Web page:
Health Contracts Approved With LGBT-Rights Language Stripped

BATON ROUGE (AP) — A stalemate over contracts to provide health insurance next year for 10,000 state employees, retirees and family members ended Thursday when Gov. John Bel Edwards' administration removed LGBT-rights protections from the deals.

         House lawmakers had stalled the contracts because they objected to including language from an executive order issued by the Democratic governor, saying Edwards had exceeded his authority. The order prohibited discrimination in government and state contracts based on sexual orientation and gender identity.

         A judge declared the order unconstitutional Wednesday, so the Edwards administration stripped the LGBT-rights protection language from the contracts. The House Appropriations and Senate Finance committees then approved the reworked arrangements with insurance companies Vantage Health Plan and Peoples Health without objection Thursday.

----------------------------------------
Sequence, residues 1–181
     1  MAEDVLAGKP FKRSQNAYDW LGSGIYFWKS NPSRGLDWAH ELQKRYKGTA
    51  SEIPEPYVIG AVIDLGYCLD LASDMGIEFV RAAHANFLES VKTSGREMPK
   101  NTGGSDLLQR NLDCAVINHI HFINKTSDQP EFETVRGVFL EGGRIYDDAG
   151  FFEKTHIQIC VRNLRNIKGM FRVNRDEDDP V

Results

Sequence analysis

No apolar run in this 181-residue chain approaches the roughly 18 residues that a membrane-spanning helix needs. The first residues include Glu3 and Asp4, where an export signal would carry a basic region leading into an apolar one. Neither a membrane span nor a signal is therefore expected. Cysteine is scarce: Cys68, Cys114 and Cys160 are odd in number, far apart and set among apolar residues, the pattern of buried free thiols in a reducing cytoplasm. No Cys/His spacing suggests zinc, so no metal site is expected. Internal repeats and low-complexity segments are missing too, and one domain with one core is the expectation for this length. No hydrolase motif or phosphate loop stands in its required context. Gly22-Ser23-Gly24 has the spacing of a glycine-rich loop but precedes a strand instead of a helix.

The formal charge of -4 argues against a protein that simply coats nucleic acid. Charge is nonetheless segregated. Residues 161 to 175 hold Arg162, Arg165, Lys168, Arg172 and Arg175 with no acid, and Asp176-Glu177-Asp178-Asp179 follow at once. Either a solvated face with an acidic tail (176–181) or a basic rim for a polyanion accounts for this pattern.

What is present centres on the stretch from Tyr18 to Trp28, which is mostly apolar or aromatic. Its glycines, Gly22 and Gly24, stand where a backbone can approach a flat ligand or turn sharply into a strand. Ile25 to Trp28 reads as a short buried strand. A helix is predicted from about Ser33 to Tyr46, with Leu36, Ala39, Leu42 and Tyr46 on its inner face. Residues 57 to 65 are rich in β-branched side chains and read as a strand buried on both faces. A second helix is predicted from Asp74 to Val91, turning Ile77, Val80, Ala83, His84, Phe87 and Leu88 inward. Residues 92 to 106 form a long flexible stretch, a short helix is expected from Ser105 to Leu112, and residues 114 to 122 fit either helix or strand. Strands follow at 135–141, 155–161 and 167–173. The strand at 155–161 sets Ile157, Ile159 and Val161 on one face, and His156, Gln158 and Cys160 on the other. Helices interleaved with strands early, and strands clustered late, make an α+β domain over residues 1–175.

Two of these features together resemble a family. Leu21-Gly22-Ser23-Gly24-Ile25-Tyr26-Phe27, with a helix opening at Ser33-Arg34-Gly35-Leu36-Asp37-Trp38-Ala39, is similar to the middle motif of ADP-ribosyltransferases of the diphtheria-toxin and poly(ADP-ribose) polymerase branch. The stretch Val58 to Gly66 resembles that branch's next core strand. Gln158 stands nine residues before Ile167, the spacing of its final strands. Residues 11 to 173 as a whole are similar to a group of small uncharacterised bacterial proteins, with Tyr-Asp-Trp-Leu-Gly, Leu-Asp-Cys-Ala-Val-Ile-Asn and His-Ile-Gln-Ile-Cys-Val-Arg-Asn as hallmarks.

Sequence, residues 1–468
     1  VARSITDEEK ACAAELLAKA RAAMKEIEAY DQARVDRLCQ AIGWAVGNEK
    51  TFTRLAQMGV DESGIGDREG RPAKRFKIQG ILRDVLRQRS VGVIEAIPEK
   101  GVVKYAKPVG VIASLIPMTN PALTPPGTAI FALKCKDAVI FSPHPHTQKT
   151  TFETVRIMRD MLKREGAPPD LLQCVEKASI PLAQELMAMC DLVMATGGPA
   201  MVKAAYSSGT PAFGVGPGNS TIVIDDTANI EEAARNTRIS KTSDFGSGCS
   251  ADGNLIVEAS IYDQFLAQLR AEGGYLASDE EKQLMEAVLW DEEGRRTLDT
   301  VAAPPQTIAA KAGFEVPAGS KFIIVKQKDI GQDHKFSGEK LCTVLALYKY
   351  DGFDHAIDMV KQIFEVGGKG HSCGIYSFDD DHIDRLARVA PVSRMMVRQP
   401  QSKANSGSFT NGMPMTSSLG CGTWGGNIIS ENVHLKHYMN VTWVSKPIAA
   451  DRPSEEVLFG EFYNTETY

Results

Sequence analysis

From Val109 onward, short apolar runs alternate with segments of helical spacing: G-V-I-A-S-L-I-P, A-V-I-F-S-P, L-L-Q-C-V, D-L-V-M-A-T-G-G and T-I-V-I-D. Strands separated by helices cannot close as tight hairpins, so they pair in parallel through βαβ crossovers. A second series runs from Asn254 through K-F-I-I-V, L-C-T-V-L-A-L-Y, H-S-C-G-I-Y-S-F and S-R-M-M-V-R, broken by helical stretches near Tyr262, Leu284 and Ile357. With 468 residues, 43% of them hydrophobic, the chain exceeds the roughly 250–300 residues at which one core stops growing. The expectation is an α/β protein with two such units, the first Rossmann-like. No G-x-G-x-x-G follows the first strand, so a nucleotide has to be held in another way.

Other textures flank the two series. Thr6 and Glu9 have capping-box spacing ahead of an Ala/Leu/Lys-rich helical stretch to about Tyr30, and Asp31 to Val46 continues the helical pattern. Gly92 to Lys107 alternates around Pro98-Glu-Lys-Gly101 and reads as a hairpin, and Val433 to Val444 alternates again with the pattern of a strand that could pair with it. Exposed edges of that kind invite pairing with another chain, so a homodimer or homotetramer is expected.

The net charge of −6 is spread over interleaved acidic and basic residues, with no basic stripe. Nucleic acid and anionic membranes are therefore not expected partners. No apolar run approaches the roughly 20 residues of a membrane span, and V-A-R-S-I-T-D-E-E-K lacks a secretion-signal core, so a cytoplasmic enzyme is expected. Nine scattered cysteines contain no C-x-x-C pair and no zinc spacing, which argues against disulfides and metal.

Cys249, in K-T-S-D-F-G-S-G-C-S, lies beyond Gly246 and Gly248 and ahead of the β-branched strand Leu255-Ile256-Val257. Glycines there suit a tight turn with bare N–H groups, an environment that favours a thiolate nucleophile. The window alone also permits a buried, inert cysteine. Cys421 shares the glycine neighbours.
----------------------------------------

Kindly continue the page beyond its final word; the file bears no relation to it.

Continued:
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         Health plans in the Office of Group Benefits that cover thousands of people could have ended Jan. 1 without the contract approvals.

         The LGBT-rights order, issued by Edwards in April, has caused consternation with some Republican lawmakers who accused the governor of executive overreach. They noted that the Legislature has refused to enact such protections in law.

         Republican Attorney General Jeff Landry filed a lawsuit challenging Edwards' order as an unconstitutional breach of separation of powers. A state district judge in Baton Rouge agreed.

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         Edwards said he intends to appeal the decision. But the governor's lawyer Matthew Block assured the Appropriations Committee that the administration won't try to add the anti-discrimination clause back to the insurance contracts if the appeal is successful.

         "We do not intend to come back and say we're going to amend every existing contract to require that language to be included," Block said. "We have other stuff to do."

         Other legal services contracts for state agencies and boards had been stalled by Landry's office because they contained the anti-discrimination language. The Edwards administration has indicated it will resubmit contracts without the LGBT-rights protections to comply with the judge's order while its appeal is pending.

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         – by AP Reporter Melinda Deslatte



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